Harbour Link Blog Archive

Over-Supply of Ships and Trucks

Posted 2016-09-22 by Harbour Link in opinion

According to shipping pundits, the overcapacity of container shipping, which is reported to have put Hanjin into bankruptcy, is likely to claim another carrier before the market rebounds. Whether, this actually takes place remains to be seen, but it is reasonable to assume that if the container shipping sector continues to operate at unsustainable rate levels, further concentration within the sector will occur.

What is clear, the Hanjin crisis has resulted in spot rates on key shipping lanes being increased, but these higher spot rates are not foreseen to continue beyond the current peak season.

A permanent rise in rates, which is the panacea needed by the shipping lines to return their businesses back to stable business enterprises, will require an overall reduction in shipping capacity. This will not take place with Hanjin’s demise. Instead, the ships that operated under Hanjin colors will likely re-emerge back into the market under new owners. Couple this with the major changes that have occurred through the realignment of global trade and the changing dynamics of container shipping, it would appear there simply is not enough remaining cargo to support the mass of today’s global fleet to enable the shipping sector to regain profitability in its existing form. Concentration of ocean fleets is needed and how this will unfold, given the scale of tonnage and new buildings on the stocks, one can only contemplate the permutations to reset the pendulum to balance demand with supply.

A parallel to what is taking place in global shipping is presently occurring in the trucking sector at the Vancouver Gateway. Vancouver’s drayage sector is being threatened by the same dynamics that have placed the marine shipping sector in such dire straits of unprofitability. The Vancouver Gateway finds itself with a major oversupply of drayage carriers, each trying to outdo the other as they follow a “drive to the bottom” solution as the tool to competing with each other in the marketplace.

The factors of good service and reliability to match customer supply change requirements have diminished as a measure of commercial value in today’s marketplace. Instead the overriding factor is price and price alone.

In a nutshell, today’s cargo supply chain participants are being forced to board the unstable ship of diving to the bottom to outdo each other on price, because the lowest price has become the criterion each must achieve to remain competitive and to secure business. The end result; most traders and members operating in today’s supply chain are struggling to sustain their businesses on borderline returns that stretch their limits to make ends meet. The normal business maxim to achieve sustainable (fair market) rate levels in today’s marketplace has become an impractical expectation.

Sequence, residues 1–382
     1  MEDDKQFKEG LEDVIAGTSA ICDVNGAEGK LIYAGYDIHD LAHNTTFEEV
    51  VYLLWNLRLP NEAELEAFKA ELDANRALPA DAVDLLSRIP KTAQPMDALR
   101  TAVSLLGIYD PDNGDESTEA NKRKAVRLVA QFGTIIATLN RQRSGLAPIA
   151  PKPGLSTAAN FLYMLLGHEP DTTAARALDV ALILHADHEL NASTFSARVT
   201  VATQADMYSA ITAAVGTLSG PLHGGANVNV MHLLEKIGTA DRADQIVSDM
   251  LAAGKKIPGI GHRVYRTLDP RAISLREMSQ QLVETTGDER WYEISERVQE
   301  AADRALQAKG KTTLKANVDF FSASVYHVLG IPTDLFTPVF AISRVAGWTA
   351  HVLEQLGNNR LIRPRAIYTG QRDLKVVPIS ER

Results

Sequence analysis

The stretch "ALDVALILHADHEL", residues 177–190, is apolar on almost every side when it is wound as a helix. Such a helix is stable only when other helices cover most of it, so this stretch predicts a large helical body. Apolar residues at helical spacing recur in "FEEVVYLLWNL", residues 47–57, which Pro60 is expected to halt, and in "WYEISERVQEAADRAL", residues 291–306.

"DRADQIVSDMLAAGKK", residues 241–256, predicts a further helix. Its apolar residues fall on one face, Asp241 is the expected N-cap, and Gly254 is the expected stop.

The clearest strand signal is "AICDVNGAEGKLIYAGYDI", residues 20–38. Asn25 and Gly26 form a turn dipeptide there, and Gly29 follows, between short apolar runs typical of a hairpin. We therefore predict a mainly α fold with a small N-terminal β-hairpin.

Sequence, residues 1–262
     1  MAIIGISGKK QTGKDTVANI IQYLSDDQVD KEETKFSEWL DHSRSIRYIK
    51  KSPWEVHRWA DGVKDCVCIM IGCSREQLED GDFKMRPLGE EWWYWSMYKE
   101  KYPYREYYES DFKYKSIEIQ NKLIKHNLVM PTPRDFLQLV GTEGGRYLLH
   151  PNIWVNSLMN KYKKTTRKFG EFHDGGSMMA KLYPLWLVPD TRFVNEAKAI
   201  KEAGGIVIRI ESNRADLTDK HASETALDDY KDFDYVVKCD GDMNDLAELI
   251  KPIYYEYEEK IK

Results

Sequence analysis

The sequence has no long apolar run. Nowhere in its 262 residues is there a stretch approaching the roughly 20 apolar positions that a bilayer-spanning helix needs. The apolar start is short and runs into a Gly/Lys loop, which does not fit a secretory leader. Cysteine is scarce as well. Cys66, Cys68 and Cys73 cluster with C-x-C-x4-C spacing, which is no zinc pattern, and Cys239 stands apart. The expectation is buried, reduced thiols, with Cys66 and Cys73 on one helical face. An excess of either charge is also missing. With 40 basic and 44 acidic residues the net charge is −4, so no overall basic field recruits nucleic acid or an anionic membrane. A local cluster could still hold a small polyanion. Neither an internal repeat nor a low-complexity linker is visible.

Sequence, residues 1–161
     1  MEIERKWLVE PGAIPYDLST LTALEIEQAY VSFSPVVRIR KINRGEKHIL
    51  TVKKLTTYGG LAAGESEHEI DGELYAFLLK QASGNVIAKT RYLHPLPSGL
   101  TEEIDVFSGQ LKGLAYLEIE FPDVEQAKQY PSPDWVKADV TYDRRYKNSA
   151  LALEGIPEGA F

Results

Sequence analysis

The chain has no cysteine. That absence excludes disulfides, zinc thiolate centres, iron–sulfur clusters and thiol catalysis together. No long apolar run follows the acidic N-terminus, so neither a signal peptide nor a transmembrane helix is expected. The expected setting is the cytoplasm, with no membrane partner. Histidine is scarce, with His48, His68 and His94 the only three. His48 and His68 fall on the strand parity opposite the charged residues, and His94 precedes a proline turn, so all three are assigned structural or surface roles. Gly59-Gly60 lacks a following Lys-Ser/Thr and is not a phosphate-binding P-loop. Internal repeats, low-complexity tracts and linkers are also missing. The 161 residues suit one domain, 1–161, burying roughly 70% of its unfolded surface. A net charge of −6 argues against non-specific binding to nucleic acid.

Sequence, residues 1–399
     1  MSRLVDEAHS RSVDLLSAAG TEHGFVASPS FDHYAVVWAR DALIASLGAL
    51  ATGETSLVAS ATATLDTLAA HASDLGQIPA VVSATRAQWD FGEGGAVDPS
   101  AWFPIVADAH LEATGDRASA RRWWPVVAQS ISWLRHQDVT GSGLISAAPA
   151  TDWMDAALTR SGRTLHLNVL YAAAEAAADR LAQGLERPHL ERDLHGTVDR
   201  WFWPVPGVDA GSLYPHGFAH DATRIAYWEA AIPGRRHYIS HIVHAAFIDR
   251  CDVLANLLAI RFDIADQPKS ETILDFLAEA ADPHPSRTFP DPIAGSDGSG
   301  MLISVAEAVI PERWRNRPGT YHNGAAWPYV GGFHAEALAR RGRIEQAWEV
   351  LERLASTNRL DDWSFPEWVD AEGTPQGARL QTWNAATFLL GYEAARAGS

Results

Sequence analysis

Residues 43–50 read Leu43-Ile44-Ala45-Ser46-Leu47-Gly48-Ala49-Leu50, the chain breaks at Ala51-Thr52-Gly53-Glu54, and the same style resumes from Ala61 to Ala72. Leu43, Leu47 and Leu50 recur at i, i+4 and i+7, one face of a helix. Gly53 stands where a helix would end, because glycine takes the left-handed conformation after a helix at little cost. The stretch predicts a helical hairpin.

A positive element in the struggle to compete has been the creative resourcefulness displayed by successful entities like Harbour Link to achieve cost saving synergies and to enhance supply chain efficiencies for the betterment of their business and customers.

The customary Canadian presumption that others will intervene to resolve the continuing spiral downward to self-annihilation is an absurd expectation and quite unrealistic. Yes, action must be taken to correct matters before it is too late, but as we learnt from the intervention by Government in 2015 to regulate the drayage sector through the passage of the BC Container Trucking Act, the Act failed as a panacea to eradicate malpractice and port interface issues. It did, however, provide a huge monetary win-fall for drivers and brought general wage parity to the TLS drayage sector.

The very fact so many drayage carriers exist and are competing for a share of a shrinking market, has become the fuel for the fire that is causing the spiral downward to unprofitable rate levels.

The solution to getting the drayage sector back to a stable and viable level, requires an overall reduction in the number of drayage carriers. This is best achieved through the consolidation of the sector through a process of acquisition and mergers between the existing carriers and the closure/withdrawal by those unable to continue to sustain their businesses on a viable basis. Such a consolidation must be a business initiative taken by the drayage sector to return to supportable rate levels and rebuild the sector to be a viable and maintainable business enterprise.

Port of Vancouver and the BC Container Trucking Commissioners office can assist to propel such an initiative by raising the bar of accountability on TLS Licensees, such as to:

  • Adjust the annual cost of the TLS License.
  • Stop permitting small TLS carriers to jointly share a common TLS License.
  • Stiffen the enforcement covenants of TLS licensees.
  • Remove/cancel underutilized TLS tags assigned to licensees.
  • Do not permit the transfer of truck tags issued to Licensees that close/withdraw from the drayage business.